AMD Patent Outlines big.LITTLE-Style Architecture For Future Hybrid CPU Designs

AMD has filed a patent with the United States Patent and Trademark Office (USPTO) describing a hybrid processor architecture that is drawing parallels to ARM's big.LITTLE design philosophy. They are very different architectures, but the concept of pairing more powerful cores for heavy lifting with power efficient cores for less intensive chores is somewhat similar.

This type of approach works well in the mobile space where battery life considerations factor into the equation. AMD acknowledges this in its patent application.

"Increasing battery life is important to users of mobile devices that operate on battery power, sometimes for extended periods of time. Accordingly, there is a need for efficient, low power systems that deliver scalable computational capacity with diminishing energy cost," AMD states.

Battery stamina obviously does not matter for a typical desktop PC, but perhaps this kind of design could work well in a laptop. It is not entirely clear what form factors AMD has in mind, only that it is at least researching hybrid CPU designs. As spotted by Twitter user Underfox, this is laid out in the patent application, which was actually filed nearly two years ago.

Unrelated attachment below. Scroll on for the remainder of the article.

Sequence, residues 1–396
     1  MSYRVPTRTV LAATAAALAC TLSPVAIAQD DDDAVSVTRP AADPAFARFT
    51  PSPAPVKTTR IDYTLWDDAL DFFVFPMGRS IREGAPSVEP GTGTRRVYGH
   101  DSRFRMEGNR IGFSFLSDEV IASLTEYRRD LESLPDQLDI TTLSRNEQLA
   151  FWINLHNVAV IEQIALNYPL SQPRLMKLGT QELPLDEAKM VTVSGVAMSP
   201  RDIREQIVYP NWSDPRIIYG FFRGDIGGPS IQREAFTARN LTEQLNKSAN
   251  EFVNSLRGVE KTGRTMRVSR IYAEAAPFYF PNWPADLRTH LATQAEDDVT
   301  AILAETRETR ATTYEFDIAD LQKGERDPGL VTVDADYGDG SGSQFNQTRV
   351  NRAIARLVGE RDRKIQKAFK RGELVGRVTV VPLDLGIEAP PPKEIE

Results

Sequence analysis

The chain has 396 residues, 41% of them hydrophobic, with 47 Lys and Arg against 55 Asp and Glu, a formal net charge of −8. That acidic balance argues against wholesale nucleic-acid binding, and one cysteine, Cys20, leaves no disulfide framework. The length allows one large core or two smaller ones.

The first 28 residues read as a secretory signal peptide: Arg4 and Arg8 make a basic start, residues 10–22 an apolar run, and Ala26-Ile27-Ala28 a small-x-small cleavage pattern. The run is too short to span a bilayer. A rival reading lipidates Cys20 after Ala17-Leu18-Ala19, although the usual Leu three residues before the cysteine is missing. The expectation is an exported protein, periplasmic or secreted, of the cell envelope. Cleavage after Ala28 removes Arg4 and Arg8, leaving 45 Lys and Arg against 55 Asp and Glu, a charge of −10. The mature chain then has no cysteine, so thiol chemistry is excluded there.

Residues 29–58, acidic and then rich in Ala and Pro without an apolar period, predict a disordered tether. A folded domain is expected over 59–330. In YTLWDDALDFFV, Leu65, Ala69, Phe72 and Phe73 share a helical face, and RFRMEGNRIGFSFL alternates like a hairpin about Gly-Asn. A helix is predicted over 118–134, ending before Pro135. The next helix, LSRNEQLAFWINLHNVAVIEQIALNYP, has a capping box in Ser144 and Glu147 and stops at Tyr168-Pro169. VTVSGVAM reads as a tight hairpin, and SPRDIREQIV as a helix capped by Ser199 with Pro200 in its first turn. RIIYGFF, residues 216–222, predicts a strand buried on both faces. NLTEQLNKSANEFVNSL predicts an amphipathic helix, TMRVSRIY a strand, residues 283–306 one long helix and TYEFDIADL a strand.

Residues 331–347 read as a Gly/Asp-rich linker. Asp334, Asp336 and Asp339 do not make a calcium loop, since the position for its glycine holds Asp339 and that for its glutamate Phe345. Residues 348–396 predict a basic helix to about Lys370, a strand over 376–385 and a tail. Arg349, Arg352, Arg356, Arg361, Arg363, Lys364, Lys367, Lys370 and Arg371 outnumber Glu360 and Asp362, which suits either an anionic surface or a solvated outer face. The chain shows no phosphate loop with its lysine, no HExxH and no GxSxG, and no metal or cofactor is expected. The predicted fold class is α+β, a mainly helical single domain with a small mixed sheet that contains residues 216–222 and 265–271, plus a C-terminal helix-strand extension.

AMD Hybrid CPU Drawing
Source: AMD via USPTO

Here is the abstract...
A heterogeneous process system includes a first processor implementing an instruction set architecture (ISA) including a set of ISA features and configured to support a first subset of the set of ISA features. The heterogeneous processor system also includes a second processor implementing the ISA including the set of ISA features and configured to support a second subset of the set of ISA features, wherein the first subset and the second subset of the set of ISA features are different from each other. When the first subset includes an entirety of the set of ISA features, the lower-feature second processor is configured to execute an instruction thread by consuming less power and with lower performance than the first processor.
AMD notes in its patent application that reducing power in high performance CPUs is a difficult task because of the various techniques involved aimed at achieving high performance, including complex instructions, deep pipelining, superscaler capabilities, and aggressive speculative operations. This is where the hybrid approach would come into play.

Tasks could be switched from high to low power cores, depending on the need, to reduce power consumption. AMD envisions this kind of design being implementing with or without a hierarchy of cache levels, with a cache controller in at least one of the designs. This design would also be capable of moving instructions threads back and forth between the high and low power cores, as needed.

It's interesting to discover that AMD has put some research into this approach, given that Intel appears to also be adopting a hybrid design with Alder Lake. Of course, patented technologies do not necessarily manifest into shipping products. At the very least, though, this is something AMD has considered.